God doesn't want our money, but He does want our hearts. And when we're challenged to give, what's really happening is this - our hearts and lives are being called out and tested - will we trust God with our money and with our lives? Will we lean on Him, depend on His strength, rely on his power that is at work in us? And to access that strength and power, we must see the Cross for what it really is - a picture of ultimate sacrifice, a picture of God who is so rich but made himself so poor so that we could possess what truly matters. Jesus takes your place on the Cross. Jesus sacrificed His life so you would find life. Jesus died so you wouldn't have to die. And when you really grasp this, you will be transformed. And when you are transformed, you begin to experience the loosening grip of money on your heart and you begin to live generously for the One who has been so extravagantly generous to you!

The Protege Playbook - 3 Responses to 3 Questions

1. What particular need are you addressing?

I believe that the texture and velocity of the movement of Christ depends on the texture and velocity of the leaders leading it. The texture of our souls and our character matters more than anything else, and I just don't see enough focus in leadership put on what kind of person we are becoming. As ministry leaders, our primary conversation ought to be about the formation of our character. I've heard people ask what is the chief end of the Christian life, or what is the goal of the Christian life. And then of course there are many answers - like "to make disciples" or to "evangelize the world" or to "love mercy, do justice, and walk humbly with God." There are many good answers that are pretty much all encompassed into conversation. But the real essence of what the movement of Christ is all about is this - our goal is to be formed into the image of Jesus Christ for the sake of others. That's it. That's the chief end. And that's about our texture. But man, that's not what we seem to be most focused on.  And then by velocity, I don't mean to simply imply speed as if to say the faster we go the better. In this book, I'm addressing core components that help us advance the mission of God further and faster, but again, all rooting ourselves in who we are becoming for the sake of others. It all starts with character, and from that place the mission and movement of Jesus advances. And the church NEEDS to be focused more on that, especially when it comes to the formation of young leaders.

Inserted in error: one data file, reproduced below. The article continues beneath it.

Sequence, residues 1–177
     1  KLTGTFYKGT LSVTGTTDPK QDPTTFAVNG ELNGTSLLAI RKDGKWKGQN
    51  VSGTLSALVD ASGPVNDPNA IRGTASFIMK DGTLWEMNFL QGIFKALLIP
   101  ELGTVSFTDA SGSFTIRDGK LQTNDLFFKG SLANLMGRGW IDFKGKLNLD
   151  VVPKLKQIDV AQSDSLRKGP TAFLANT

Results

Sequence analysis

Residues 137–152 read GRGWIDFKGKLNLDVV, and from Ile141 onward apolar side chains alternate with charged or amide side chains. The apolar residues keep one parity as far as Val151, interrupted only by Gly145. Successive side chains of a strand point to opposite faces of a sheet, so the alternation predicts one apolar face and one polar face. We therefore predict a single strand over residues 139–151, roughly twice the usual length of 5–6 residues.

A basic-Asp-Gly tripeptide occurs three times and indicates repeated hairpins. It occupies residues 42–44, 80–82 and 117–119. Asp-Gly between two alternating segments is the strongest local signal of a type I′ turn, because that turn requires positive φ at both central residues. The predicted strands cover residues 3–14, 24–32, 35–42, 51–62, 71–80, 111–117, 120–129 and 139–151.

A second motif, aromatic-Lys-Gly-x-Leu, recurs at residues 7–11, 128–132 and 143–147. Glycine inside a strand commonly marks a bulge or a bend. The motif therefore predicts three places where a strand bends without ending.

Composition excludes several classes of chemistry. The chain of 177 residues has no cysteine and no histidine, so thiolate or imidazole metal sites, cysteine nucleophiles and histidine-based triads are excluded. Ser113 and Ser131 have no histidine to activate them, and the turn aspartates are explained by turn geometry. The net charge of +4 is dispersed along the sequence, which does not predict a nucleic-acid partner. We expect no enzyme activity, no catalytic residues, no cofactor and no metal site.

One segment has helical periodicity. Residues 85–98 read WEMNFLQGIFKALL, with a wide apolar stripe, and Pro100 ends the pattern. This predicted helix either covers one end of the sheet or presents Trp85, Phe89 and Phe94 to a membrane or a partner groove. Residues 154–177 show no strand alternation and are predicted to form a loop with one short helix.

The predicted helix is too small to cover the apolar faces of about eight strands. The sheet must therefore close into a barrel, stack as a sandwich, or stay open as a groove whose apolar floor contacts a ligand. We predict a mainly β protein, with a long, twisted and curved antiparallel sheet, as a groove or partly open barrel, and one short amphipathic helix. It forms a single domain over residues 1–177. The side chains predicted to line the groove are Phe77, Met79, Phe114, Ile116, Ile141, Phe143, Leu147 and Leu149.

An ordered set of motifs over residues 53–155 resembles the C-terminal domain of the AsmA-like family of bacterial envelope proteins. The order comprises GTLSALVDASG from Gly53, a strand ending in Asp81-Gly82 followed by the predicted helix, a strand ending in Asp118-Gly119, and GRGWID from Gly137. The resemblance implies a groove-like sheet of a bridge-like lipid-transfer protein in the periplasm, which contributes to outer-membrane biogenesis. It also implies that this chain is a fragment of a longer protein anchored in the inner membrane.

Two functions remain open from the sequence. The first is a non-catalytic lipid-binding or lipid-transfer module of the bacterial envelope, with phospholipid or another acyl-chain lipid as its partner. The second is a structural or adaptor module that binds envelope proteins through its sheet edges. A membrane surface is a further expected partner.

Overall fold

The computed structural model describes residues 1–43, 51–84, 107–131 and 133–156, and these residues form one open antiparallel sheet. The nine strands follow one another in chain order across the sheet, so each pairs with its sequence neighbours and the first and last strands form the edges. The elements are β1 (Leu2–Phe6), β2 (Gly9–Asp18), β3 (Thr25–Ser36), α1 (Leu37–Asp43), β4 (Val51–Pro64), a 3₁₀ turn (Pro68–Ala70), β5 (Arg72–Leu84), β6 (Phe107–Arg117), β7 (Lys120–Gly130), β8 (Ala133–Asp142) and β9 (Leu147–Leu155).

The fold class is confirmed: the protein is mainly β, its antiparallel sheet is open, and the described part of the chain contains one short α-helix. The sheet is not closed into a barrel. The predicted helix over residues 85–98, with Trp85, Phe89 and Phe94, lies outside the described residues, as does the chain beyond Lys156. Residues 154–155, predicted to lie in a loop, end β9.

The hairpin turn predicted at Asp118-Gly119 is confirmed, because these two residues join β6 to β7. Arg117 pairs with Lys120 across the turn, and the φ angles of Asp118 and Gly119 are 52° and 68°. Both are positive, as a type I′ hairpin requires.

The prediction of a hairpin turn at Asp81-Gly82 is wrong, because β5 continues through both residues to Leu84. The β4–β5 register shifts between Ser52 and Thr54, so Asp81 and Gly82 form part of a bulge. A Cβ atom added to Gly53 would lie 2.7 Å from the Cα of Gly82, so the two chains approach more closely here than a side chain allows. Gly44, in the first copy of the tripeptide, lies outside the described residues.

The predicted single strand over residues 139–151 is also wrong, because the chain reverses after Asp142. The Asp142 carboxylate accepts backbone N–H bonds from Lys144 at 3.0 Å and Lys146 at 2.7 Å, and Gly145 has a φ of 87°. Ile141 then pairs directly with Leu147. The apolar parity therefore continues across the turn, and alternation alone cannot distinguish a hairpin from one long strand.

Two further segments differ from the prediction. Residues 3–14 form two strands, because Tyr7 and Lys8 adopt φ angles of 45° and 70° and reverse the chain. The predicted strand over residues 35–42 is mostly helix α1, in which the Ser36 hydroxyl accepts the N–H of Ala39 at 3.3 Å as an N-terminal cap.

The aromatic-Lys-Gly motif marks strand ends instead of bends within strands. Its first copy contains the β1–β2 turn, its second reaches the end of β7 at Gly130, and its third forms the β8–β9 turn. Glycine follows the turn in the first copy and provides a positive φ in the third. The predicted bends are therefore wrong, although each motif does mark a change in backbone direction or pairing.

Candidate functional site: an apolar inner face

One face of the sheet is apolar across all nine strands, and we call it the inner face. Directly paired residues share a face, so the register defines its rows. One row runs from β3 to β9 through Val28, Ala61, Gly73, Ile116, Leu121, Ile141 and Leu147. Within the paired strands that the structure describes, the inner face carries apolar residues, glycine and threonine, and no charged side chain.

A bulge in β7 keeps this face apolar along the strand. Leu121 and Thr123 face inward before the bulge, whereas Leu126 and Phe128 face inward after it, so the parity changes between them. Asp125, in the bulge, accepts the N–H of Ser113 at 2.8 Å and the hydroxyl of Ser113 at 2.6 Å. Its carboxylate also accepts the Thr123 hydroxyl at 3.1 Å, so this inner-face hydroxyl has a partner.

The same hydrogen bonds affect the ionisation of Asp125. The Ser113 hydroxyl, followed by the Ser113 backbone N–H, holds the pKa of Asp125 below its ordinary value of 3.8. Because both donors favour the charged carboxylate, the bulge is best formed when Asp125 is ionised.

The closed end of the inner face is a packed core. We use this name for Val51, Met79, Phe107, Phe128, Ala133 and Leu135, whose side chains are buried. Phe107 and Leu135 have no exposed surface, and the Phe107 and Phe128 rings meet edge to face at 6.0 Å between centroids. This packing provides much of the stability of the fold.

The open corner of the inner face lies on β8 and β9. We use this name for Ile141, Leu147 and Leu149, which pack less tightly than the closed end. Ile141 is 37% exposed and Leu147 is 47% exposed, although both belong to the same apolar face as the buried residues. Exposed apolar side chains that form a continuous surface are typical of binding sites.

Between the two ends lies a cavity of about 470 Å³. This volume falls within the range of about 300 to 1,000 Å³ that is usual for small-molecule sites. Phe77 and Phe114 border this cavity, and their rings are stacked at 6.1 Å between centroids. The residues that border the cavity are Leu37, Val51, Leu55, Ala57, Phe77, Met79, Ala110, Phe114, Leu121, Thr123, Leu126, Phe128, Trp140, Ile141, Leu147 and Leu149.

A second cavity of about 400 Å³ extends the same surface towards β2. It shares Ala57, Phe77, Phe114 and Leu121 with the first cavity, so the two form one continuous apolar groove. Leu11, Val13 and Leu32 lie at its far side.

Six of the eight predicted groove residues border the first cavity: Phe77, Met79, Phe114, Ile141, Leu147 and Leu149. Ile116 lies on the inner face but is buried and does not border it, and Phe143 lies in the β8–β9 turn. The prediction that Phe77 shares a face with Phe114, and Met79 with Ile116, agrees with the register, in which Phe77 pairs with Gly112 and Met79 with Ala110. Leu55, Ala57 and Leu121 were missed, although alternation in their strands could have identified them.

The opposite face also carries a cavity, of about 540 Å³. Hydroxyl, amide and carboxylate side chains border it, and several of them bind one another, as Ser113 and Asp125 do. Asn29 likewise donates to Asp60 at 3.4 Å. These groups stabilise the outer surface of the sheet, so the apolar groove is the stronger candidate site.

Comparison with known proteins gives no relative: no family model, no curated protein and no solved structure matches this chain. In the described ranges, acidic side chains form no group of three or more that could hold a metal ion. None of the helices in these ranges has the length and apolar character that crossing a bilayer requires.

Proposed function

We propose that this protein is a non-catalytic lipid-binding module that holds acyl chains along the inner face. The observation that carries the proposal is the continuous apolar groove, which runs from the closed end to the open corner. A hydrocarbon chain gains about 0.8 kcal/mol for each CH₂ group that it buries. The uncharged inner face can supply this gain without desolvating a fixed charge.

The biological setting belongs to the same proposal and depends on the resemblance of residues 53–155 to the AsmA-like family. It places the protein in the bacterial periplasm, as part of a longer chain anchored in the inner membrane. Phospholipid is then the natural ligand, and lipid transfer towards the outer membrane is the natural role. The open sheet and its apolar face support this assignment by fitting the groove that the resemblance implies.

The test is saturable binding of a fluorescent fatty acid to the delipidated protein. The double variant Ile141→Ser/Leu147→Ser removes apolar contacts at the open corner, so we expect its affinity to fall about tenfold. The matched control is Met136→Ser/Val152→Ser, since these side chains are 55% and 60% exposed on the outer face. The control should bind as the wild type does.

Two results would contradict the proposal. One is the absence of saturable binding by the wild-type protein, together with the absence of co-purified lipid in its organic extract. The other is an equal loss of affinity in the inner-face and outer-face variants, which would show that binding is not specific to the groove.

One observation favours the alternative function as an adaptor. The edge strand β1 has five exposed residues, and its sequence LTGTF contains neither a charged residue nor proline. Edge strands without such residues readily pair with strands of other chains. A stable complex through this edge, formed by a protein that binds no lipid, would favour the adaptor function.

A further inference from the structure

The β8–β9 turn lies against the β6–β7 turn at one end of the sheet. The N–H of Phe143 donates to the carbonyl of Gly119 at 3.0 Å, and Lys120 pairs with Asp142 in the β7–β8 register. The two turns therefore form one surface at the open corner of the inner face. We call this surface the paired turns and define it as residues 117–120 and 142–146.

2. What is distinctive about this idea and/or your approach to leader development and formation?